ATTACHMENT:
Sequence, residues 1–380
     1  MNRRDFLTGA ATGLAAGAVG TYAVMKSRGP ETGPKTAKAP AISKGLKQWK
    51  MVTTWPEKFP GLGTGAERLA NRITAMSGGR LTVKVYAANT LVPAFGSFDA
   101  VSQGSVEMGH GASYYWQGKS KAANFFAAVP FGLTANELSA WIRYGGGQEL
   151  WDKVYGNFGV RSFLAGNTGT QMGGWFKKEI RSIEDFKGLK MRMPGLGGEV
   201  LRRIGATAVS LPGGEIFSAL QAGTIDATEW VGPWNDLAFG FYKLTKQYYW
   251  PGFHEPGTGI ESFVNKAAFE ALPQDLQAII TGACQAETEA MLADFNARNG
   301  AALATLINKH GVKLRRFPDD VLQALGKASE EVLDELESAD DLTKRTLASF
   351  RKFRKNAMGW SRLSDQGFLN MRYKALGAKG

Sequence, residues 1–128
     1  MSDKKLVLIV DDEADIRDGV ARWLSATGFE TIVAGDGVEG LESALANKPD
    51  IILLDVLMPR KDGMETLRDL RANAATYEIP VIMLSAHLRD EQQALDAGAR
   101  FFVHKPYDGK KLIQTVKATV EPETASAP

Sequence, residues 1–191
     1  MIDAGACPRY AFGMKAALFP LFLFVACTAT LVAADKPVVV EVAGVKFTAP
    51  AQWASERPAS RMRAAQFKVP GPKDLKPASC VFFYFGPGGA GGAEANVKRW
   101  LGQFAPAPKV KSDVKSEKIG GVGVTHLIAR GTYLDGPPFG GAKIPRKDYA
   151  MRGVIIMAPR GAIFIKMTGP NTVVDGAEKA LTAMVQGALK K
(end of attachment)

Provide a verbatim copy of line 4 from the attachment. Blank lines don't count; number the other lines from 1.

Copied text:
   101  VSQGSVEMGH GASYYWQGKS KAANFFAAVP FGLTANELSA WIRYGGGQEL